There were no bad choices for ETF investors in the U.S. equity category last year.
Every single exchange-traded fund listed in the U.S. equity installment of the 2020 Globe and Mail ETF Buyer’s Guide made between 20 and 30 per cent in the 12 months to Jan. 31, and the three- and five-year returns were all in double digits.
Want a likely path to investing disappointment? Buy a U.S. equity ETF based on those backward-looking return numbers. Dig into the other data in the Buyer’s Guide if you want to understand how these ETFs might behave in the future.
Check the weighting in tech stocks, for example. If this high-flying sector falters, a tech-heavy ETF would be vulnerable. Check the fees – the drag on returns caused by fees is much more tangible in weak or down markets than in years when everyone makes double-digit returns.
Also check the beta for each ETF in the guide. Beta measures an ETF or stock’s tendency to move around in price compared with a benchmark index, in this case the S&P 500. If you’re looking for a low volatility ETF to take the edge off a future stock market downturn, beta is an important indicator of a fund’s tendency to do what the index does.
ETFs included in this guide have at least a five-year track record and can be considered for core U.S. exposure, which means they could be your one and only U.S. equity fund. Most funds in this edition of the Buyer’s Guide do not use currency hedging, which gives you the returns of the underlying portfolio with no distortions caused by currency fluctuations.
With hedging, your U.S. returns won’t be undermined when our dollar rises, nor will they be enhanced when the dollar falls. Unhedged funds do better when our dollar is falling and lag when the dollar rises. Unhedged funds have had the edge in recent years because of weakness in the Canadian dollar compared with the U.S. buck. Some investment pros believe there’s no point in hedging if you have a long time horizon.
Here’s a look at some of the terms used in the ETF Buyer’s Guide:
Assets: Shown to give you a sense of how interested other investors are in a fund; the smallest funds may be candidates for delisting.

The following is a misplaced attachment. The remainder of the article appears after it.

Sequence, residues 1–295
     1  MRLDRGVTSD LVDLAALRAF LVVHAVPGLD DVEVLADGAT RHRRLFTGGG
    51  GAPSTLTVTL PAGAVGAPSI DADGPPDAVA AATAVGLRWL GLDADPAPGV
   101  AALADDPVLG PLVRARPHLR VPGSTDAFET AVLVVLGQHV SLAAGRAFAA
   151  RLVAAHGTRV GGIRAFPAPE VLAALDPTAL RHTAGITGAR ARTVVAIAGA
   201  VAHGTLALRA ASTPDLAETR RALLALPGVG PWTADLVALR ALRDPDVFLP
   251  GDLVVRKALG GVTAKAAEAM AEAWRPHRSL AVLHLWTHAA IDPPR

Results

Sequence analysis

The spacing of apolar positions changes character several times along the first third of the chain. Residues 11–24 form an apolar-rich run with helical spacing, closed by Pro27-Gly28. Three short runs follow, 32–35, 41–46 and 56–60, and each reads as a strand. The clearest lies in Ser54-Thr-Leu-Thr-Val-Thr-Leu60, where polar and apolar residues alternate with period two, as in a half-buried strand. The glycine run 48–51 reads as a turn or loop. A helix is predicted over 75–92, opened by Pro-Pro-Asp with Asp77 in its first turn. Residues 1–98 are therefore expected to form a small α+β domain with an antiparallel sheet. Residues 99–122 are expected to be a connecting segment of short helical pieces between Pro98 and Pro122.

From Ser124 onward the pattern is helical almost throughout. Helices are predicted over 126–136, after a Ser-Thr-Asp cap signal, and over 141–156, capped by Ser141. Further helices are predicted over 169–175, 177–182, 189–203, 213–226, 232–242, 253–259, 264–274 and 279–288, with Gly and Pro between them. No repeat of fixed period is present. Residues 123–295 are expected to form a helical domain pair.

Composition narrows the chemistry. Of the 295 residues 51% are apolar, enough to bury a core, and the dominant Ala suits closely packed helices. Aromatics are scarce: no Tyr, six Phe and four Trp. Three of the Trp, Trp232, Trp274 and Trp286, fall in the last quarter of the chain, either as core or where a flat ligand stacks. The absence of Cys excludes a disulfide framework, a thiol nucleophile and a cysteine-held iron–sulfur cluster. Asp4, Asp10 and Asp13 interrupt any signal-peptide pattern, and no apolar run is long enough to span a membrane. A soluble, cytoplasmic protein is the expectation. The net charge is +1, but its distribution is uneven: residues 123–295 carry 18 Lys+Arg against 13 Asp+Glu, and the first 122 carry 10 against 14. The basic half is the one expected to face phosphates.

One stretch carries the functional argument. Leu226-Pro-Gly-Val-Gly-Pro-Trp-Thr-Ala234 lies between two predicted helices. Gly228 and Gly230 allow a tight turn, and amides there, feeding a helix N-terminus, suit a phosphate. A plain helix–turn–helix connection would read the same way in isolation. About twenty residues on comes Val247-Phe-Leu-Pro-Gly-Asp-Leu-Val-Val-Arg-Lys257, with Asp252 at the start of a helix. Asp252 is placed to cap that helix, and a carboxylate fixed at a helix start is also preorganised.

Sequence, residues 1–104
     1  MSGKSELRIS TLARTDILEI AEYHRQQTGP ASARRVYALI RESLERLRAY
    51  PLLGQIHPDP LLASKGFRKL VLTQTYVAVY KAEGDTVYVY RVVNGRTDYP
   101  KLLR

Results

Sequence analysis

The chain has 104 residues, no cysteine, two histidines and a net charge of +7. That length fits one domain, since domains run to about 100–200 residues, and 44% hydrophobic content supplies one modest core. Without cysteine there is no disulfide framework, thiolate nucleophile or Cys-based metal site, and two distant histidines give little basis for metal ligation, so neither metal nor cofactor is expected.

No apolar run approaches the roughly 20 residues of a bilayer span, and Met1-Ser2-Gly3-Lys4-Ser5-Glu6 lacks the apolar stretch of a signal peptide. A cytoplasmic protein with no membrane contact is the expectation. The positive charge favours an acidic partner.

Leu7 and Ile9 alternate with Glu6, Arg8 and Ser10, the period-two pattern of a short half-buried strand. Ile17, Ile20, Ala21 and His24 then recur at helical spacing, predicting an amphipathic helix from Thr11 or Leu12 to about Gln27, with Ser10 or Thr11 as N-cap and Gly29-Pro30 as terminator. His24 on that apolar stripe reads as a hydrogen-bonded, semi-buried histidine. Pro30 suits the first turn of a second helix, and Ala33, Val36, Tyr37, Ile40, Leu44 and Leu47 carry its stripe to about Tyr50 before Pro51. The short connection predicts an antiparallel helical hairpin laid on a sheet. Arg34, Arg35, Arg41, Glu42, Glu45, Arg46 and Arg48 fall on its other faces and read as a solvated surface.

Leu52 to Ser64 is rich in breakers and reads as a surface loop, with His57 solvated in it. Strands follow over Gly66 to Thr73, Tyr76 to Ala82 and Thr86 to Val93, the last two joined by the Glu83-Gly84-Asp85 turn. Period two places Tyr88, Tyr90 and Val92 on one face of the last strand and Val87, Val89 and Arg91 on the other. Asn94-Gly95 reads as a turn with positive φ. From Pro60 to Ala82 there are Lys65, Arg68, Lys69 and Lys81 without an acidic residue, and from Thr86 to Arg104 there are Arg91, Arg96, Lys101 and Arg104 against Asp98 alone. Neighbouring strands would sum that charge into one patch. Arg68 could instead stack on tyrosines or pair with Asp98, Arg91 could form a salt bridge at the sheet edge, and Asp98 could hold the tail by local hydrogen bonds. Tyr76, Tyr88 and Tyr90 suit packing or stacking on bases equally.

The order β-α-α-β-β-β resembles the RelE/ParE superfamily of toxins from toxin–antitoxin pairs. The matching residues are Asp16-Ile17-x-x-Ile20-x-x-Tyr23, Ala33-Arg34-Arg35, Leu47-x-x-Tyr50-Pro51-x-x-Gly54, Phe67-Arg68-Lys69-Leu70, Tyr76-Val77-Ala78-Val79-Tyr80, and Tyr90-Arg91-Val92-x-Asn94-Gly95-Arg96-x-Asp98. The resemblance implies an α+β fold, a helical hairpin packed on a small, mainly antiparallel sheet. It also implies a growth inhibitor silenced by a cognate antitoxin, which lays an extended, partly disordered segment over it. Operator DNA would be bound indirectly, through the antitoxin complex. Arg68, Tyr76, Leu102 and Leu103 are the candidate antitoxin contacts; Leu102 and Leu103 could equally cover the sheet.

Management expense ratio (MER): The main cost of owning an ETF on a continuing basis; as with virtually all funds, published returns are shown on an after-fee basis.
Trading expense ratio (TER): The cost of trading commissions racked up by the managers of an ETF; add the TER to the MER for a fuller picture of a fund’s cost. Most of the U.S. equity ETFs included here don’t do enough trading to generate much of a TER.
Distribution frequency: If you’re primarily focused on dividend income, note that few U.S. equity ETFs make monthly dividend payments. Many other types of ETFs do pay monthly. Also note the low yields of these funds.
Number of holdings: Gives you an indication of whether a fund offers broad stock market coverage, or holds a more concentrated portfolio that may behave differently than benchmark indexes.
Sector weightings: Included to help you verify how well a U.S. equity ETF will diversify your Canadian holdings with exposure to sectors such as tech and health care.
Three-year beta: A benchmark stock index always has a beta of 1.0. A lower beta means less volatility on both the up and down side.
Launch date: The older an ETF is, the more likely it is that you can look back at a history of returns through good markets and bad.
Notes: Market data as of Feb. 18. Returns to Jan. 31. Sources: ETF company websites, Globeinvestor.com, TMX Money
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